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More than 80% of a child’s brain develops in his or her first three years of life.

You talking = your baby learning.

During your child’s first year, his or her language will develop faster than any other time. Even before acquiring the ability to speak, babies learn from hearing words spoken or sung. Take advantage of any opportunity to talk, read and sing to your child to teach him or her about language and its connection to the world around us.

Learn more about Talk Read Sing® from the information and resources below. We’re here to support you as you join the #TalkingIsTeaching movement and strive to create the best possible learning environment for your child!

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Information For New Parents and Caregivers

Source: Too Small To Fail

The Why:

  • You are your child’s first teacher. The more words your baby hears from you, the better prepared he or she will be to learn.
  • Babies who hear their families talk, read, and sing to them every day become stronger readers.
  • Talking is good for more than just language development. Singing songs and telling stories to your baby helps him or her bond with you, and helps his or her brain develop.
  • Hugging, laughing, and sharing close moments helps your baby bond with you, and also helps his or her brain to develop.
  • The more words he or she hears from you and other caregivers - and the more positive experiences she has with you - the better prepared he or she will be to learn.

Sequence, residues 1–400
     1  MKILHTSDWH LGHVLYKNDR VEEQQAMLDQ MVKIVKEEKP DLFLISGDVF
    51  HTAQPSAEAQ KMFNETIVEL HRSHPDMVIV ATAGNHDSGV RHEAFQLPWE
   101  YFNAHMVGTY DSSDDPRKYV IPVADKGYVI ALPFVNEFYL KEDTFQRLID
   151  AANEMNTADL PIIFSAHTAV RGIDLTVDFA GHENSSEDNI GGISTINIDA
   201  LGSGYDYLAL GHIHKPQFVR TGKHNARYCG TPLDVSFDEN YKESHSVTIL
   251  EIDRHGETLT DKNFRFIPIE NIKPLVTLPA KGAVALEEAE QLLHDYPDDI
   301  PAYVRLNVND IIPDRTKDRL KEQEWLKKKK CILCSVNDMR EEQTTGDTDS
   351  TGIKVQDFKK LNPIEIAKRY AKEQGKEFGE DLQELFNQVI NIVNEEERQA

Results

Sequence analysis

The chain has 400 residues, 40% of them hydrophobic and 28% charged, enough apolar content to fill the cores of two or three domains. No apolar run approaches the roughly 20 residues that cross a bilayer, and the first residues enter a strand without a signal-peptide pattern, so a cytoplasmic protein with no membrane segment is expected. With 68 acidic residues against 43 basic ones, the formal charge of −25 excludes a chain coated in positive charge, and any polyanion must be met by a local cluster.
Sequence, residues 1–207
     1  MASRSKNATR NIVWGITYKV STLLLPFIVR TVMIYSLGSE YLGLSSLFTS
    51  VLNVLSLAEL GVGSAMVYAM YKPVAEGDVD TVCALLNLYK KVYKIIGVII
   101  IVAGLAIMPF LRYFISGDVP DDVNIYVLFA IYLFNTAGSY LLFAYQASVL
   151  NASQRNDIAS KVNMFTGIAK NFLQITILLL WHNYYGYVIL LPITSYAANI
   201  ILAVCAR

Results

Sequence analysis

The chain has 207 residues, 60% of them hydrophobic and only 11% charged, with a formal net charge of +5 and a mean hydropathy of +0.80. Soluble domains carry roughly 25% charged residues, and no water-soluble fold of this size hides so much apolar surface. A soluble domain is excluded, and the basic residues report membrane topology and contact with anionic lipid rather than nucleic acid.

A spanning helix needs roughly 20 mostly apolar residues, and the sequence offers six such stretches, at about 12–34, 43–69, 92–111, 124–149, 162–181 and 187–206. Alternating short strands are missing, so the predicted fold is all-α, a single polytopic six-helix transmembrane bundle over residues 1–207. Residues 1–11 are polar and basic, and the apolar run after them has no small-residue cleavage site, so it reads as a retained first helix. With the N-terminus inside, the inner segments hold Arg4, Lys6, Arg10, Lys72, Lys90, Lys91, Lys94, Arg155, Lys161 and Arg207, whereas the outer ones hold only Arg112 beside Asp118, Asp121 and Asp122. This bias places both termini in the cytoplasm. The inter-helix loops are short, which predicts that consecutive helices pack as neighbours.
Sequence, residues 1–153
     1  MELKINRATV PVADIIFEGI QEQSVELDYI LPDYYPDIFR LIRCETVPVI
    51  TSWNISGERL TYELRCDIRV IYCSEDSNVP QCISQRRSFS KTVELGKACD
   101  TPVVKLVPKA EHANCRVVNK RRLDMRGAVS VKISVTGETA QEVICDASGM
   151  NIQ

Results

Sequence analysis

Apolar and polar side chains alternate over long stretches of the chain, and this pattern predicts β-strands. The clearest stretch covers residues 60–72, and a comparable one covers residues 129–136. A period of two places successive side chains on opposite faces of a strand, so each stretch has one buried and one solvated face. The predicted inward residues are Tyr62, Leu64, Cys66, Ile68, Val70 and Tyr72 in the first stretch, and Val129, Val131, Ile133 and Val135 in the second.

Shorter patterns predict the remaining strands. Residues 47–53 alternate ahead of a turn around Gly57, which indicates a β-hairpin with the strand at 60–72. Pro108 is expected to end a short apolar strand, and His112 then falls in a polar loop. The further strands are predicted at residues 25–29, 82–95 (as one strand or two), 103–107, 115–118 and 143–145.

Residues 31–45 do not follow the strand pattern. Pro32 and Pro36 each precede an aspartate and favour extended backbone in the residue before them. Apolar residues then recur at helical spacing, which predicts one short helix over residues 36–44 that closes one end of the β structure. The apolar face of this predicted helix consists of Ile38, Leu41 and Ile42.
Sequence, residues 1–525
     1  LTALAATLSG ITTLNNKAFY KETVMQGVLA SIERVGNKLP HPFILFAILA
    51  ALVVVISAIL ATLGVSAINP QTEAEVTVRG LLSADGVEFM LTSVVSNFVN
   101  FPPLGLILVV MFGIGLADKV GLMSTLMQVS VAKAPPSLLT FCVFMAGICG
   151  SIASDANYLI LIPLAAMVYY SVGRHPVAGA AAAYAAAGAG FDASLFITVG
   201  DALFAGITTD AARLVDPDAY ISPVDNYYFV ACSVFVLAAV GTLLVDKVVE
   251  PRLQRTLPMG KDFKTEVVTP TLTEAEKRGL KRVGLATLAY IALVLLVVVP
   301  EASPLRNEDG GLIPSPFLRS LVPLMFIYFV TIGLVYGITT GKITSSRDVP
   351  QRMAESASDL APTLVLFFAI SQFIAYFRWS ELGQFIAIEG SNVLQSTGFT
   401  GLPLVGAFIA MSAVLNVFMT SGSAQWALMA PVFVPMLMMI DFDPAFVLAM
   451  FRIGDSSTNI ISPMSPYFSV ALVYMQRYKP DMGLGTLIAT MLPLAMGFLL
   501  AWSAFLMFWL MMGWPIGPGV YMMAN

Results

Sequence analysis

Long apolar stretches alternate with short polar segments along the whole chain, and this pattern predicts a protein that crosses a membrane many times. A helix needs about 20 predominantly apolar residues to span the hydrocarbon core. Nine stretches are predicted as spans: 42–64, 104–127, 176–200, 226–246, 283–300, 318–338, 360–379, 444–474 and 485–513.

The How:

  • Talk to your baby about anything and everything. When they coo, coo back. When they smile, smile back.
  • Make routines out of singing during everyday activities like bathing, eating and getting dressed.
  • Read a book to your baby every day - in whatever language you feel most comfortable - beginning at birth. And if you don’t feel comfortable reading words, you can point out the pictures in the book and talk with your baby about them.
  • Everywhere you go, talk or sing about what you see. Point out the world to your child. A stop sign, a traffic light, or a tree might seem boring to you, but it’s a whole new world for your baby, so teach them about it!
  • For more information, take a look at this Talking Is Teaching tip sheet from

Handouts and Guides: What to Give New Parents and Caregivers

We recommend the following resources from Too Small to Fail, the American Academy of Pediatrics and Reach Out and Read:

Handouts: What to Give Health Care Providers

Here are some helpful handouts from the American Academy of Pediatrics’ literacy toolkit: